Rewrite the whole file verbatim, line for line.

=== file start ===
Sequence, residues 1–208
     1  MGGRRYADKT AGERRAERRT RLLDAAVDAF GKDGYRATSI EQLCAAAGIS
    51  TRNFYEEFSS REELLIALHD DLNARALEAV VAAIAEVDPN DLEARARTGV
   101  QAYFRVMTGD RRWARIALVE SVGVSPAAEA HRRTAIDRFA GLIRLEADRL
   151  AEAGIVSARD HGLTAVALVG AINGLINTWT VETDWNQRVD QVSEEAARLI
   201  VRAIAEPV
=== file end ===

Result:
Sequence, residues 1–208
     1  MGGRRYADKT AGERRAERRT RLLDAAVDAF GKDGYRATSI EQLCAAAGIS
    51  TRNFYEEFSS REELLIALHD DLNARALEAV VAAIAEVDPN DLEARARTGV
   101  QAYFRVMTGD RRWARIALVE SVGVSPAAEA HRRTAIDRFA GLIRLEADRL
   151  AEAGIVSARD HGLTAVALVG AINGLINTWT VETDWNQRVD QVSEEAARLI
   201  VRAIAEPV